We always say that you should be careful about what you share on social media and elsewhere across the web. Tech-savvy companies and their algorithms monitor every move we make online, so they can “know us better” and serve us with more ads for things we might buy. As a result, we not only end up spending more but are also productized (turned into a product) on a wider scale. The more data these companies have on us, the more our digital profile is worth to other interested parties. Cause, yes, this information is sold to anyone looking to sell more things on the Internet.
Alas, while it can be hard, almost impossible, to completely hide online – there are a few things we should NOT share on social media. These include:
1. Travel plans
This will not only show algorithms what you are looking for and consequently show you more travel-related ads, as well as those for local bars and restaurants, but could also make your own home a potential target for burglars. It’s their dream come true to know some house will be empty at the end of some month. So if you have to share (and you really don’t), be vague and say something like “this spring” instead of sharing months or, God forbid, exact dates.
2. Personal information
Signing up for new services may require that you leave your details in order to use the service. However, you should try avoiding sharing personal information such as your passport info, driver’s license, credit card details, and social security numbers, among others. Some of these will have to be submitted for using online finance services as they have to abide by “Know Your Customer” (KYC) rules, and governments require them to ask for those. However, many other services just want those details and will work perfectly fine without them. So make sure to skip that part.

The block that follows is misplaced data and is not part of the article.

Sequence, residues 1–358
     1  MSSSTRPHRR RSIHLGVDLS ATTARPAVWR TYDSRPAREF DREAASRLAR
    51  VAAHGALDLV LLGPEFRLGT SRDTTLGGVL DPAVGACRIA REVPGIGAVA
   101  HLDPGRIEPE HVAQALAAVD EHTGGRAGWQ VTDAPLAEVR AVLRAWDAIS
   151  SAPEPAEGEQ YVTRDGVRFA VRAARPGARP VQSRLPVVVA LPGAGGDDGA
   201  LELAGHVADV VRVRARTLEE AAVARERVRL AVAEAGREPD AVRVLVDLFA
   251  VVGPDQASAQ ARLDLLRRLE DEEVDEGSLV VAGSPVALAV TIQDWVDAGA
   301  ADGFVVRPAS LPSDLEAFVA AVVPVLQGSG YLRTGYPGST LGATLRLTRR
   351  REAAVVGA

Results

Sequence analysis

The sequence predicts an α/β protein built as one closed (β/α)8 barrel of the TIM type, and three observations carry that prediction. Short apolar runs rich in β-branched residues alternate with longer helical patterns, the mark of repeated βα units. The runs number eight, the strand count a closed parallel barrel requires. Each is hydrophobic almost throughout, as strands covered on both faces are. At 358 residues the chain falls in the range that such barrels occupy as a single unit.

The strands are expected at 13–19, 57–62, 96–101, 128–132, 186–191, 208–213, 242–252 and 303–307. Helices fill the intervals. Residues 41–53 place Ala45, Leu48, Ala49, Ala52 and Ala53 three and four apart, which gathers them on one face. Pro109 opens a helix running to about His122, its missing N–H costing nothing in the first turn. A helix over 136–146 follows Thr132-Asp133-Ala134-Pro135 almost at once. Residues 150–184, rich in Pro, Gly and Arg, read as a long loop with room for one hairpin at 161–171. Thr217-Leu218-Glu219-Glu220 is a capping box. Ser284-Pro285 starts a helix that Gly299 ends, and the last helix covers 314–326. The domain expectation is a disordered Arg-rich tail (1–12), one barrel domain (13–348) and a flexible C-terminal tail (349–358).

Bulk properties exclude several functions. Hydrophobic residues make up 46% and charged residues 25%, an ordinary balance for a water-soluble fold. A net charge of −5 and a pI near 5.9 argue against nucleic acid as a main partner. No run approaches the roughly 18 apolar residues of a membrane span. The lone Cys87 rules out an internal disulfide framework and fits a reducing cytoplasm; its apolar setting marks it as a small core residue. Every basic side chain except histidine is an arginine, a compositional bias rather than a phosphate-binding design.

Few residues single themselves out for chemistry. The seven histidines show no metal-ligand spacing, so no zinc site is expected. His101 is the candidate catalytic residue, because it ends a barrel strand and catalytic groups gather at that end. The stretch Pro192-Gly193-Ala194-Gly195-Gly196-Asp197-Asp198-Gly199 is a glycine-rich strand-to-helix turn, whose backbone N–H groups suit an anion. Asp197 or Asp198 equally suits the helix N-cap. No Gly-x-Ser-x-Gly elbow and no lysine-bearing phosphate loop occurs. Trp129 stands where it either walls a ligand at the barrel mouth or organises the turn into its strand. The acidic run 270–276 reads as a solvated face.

3. Your location
Your mobile operator, Google, and other navigation apps know your location at all times. It is required in order for some apps to work. But you don’t have to have location services turned on at all times. If you’re not using the phone to get around some place or find some place, you can turn it off. This will make it harder for location-based ads to show you relevant ads and may even stop doing so. If they can’t get the current location data from an app, they will serve you some generic ads or may not show you ads at all. In any case, you don’t have to share your location with all apps on your phone.
4. Confidential information
Sometimes when you open Facebook, you can see that some people are “oversharing” stuff. My first reaction to many such posts, if they are not related to someone’s health condition, is, “who cares.” More importantly, these pieces of the information stay on the Internet for a long time, and it could be hard, if not impossible, to remove them afterward. So before posting anything on Facebook or another online place, think how comfortable you would be to read that within 3-5 years. If that doesn’t pass that filter, perhaps it’s better not to share. This, in case you wonder, would include confidential information about yourself, your family, friends, co-workers, and so on. Don’t do it.
5. Some photos and videos
Not all media is made to be shared. Sometimes it could reveal more than you would like it to reveal. So, take some time to look closely at what you’ve recorded, perhaps on a bigger screen or perhaps to zoom in to see the details that may not be instantly visible on the phone. These would include things like names on worksheets, passwords on post-it notes, documents, and so on. All these could reveal more than you would ideally like. So think twice before tapping that “Share” button.
The bottom line – be careful what you’re sharing online. Someone is always watching, and if it is not a person, it could be an equally harmful algorithm — there is no need to feed it with more details than you have to. And don’t forget to use a VPN. 😉